Chris Sanders kindly sent me a review copy of Applied Network Security Monitoring, written by Sanders along with Jason Smith, David J Bianco, and Liam Randall. It’s a very solid work, with much to recommend it to IT people who either have been told to implement security monitoring or who think that they should.
Some of Applied Network Security Monitoring will be very familiar to anyone who has read any other security book–I’ve read many times that risk equals impact times probability. Every book on this topic needs this information, however, and Sanders and company cover it in sufficient detail to ground a probie while letting the rest of us easily skim it as a refresher.
Then they take us through selecting data collection points and how they make decisions on where to collect data and what kind of data to collect. Ideally, of course, you collect full packet data everywhere, but in my semi-rural gigabit ISP world I don’t have enough electricity to spin that much disk. Where can you get by with session data, and where do you need full packet capture? ANSM takes you through the choices and the advantages and disadvantages of each, along with some guidance on the hardware needs.
Data is nice, but it’s what you do with the data that makes security analysis interesting. ANSM uses Security Onion as an underlying toolkit. Security Onion is huge, and contains myriad tools for any given purpose. There’s reasons for this–no one NSM tool is a perfect fit for all environments. ANSM chooses their preferred tools, such as Snort, Bro, and SiLK, and takes you through configuring and using them on the SO platform. Their choices give you honeypots and log management and all the functionality you expect.
Throughout the book you’ll find business and tactical advice. How do you organize a security team? How do you foster teamwork, retain staff, and deal with arrogant dweebs such as yours truly? (As an aside, ANSM contains the kindest and most business-driven description of the “give the arrogant guy enough rope to hang himself” tactic that I have ever read.) I’ve been working with the business side of IT for decades now, and ANSM taught me new tricks.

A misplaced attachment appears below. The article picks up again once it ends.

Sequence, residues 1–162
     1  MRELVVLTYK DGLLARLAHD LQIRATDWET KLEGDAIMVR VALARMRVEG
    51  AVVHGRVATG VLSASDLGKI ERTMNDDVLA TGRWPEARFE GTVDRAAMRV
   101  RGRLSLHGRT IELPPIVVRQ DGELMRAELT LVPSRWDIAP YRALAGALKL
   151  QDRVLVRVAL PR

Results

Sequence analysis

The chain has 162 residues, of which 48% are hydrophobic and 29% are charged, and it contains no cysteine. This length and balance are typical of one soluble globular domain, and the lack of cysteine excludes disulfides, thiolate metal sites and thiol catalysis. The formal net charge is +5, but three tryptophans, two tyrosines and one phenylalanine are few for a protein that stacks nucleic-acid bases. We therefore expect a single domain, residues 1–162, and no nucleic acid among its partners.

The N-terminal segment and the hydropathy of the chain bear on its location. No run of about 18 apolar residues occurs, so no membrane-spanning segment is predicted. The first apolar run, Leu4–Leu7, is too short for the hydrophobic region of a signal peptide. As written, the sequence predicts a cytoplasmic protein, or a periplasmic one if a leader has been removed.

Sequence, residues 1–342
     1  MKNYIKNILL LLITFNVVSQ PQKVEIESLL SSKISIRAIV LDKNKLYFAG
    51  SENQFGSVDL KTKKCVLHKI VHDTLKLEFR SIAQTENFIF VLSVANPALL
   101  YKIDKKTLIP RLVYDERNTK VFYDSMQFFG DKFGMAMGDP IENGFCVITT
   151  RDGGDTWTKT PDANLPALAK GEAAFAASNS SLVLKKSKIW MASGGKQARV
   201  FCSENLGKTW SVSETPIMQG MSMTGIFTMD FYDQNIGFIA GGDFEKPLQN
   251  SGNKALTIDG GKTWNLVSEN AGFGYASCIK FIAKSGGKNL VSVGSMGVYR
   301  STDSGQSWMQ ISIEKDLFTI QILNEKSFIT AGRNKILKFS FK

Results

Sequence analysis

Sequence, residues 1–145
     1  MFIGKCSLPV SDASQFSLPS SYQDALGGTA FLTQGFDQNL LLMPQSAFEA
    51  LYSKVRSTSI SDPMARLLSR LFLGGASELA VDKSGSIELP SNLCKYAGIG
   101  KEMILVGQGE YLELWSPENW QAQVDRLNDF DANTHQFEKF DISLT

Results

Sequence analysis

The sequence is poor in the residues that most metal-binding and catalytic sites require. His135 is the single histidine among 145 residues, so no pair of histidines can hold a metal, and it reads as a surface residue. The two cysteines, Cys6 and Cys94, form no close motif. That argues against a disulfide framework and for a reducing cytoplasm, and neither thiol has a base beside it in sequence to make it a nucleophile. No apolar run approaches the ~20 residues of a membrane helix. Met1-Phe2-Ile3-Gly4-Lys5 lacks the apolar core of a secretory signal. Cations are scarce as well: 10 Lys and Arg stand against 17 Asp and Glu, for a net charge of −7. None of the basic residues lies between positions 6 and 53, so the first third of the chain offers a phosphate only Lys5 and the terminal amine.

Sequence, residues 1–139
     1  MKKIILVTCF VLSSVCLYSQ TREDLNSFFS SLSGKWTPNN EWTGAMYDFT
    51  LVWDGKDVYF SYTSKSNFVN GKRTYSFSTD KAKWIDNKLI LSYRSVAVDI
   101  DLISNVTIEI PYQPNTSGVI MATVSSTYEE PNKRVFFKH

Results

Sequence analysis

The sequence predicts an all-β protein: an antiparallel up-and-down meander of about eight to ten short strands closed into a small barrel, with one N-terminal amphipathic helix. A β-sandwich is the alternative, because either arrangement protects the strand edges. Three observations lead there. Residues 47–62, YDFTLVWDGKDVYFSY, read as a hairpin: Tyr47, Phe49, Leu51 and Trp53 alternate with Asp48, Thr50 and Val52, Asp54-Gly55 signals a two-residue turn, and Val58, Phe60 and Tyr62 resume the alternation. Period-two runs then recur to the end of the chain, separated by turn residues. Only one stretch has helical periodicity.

The part of the book that I found most interesting was the section on analysis. What is analysis, anyway? ANSM takes you through both differential analysis and relational analysis, and illustrates them with actual scenarios, actual data. Apparently I’m a big fan of differential diagnosis. I use it everywhere. For every problem. Fortunately, Sanders and crew include guidelines for when to try each type of analysis. I’ll have to try this “relational analysis” thing some time and see what happens.
Another interesting thing about ANSM is how it draws in lots of knowledge and examples from the medical field. Concepts like morbidity and mortality are very applicable to information technology in general, not just network security monitoring, and adding this makes the book both more useful and more interesting.
Applied Network Security Monitoring is a solid overview of the state of security analysis in 2014, and was well worth my time to read. It’s worth your time as well.
Not long ago, I reviewed Richard Bejtlich’s The Practice of Network Security Monitoring. What’s more, I have corresponded with both Sanders and Bejtlich, and while they aren’t “help me hide a body” friends I’d happily share a meal with either.
The obvious question people will ask is, how does Applied NSM compare to tPoNSM?
Both books use Security Onion. Each book emphasizes different tools, different methodologies, and different techniques. Practical NSM shows Bejtlich’s military background. While Sanders has worked with the military, Applied NSM reads like it’s from an IT background.
I can’t say either is a better book. Both are very very good.
Personally, I have never implemented any plan from a book exactly as written. I read books, note their advice, and build a plan that suits my environment, my budget, and–most importantly–my staff. Reading them, I picked between tools and strategies until I found something that would work for my site. Security monitoring is a complex field. Maintaining, let alone building, a security monitoring infrastructure requires constant sharpening of your skills.
I recommend anyone serious about the field read both books.